Southside Hospital implements new device for treating pulmonary embolisms

southside hospital

An estimated 1 or 2 of every 1,000 people will develop a pulmonary embolism annually — and that the condition will prove fatal for 60,000 to 100,000 people each year, according to the Centers for Disease Control and Prevention.

Southside Hospital in Bay shore is using a new approach to treating these highly dangerous blood clots, the symptoms of which can mimic a heart attack —such as shortness of breath, chest pain and cough, according to the Mayo Clinic.

Southside’s new EkoSonic Endovascular System is a minimally-invasive option used to break up a pulmonary embolism, which is a blood clot in the lungs that typically forms and travels from the legs through a condition called deep vein thrombosis.

READ | Blood Clots and Travel: What You Need to Know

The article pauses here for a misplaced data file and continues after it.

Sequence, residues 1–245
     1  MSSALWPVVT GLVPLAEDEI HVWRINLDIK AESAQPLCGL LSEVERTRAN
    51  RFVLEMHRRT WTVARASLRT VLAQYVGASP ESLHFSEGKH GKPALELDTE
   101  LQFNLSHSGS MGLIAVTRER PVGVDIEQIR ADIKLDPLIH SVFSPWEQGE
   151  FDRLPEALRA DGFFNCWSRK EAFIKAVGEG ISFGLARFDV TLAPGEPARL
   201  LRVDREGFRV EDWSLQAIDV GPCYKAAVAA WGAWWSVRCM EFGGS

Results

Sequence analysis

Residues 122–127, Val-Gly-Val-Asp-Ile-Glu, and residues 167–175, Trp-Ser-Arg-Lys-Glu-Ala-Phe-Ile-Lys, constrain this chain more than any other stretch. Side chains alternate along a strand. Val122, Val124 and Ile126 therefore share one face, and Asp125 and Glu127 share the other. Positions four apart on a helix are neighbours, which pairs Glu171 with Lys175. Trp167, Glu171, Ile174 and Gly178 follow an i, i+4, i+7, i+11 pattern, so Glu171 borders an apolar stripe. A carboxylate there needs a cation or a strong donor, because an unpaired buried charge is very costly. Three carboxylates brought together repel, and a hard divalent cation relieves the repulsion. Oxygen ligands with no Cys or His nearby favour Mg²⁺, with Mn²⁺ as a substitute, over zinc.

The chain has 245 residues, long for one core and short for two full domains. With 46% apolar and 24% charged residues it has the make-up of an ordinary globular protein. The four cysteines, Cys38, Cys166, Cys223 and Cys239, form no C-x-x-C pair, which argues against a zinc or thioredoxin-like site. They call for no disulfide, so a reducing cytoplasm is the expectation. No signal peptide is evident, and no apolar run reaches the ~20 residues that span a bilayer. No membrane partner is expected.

It employs an ultrasound to guide a catheter to the clot and dissolve it more completely and accurately. Its use can shorten a person’s treatment time and lowers the risk of complications, according to the hospital. 

This is the only endovascular device with approval from the U.S. Food & Drug Administration to treat blood clots in the lungs, according to its developer, EKOS.

“This device, along with the expertise of our team, has helped our patients rest, assured that their clot will be targeted and dissolved with fewer side effects than other procedures offer,” said Dr. Puneet Gandotra, the director of Southside’s cardiac catheterization laboratories.

The pulmonary embolism response team at the hospital includes members of the cardiothoracic surgery, critical care and pulmonary medicine departments.

“And without a team effort, this program would not have come to fruition,” Dr. Gandotra said.

For more information about the procedure and other pulmonary embolism treatments at Southside Hospital in Bay Shore, call 1-855-HEART-11.

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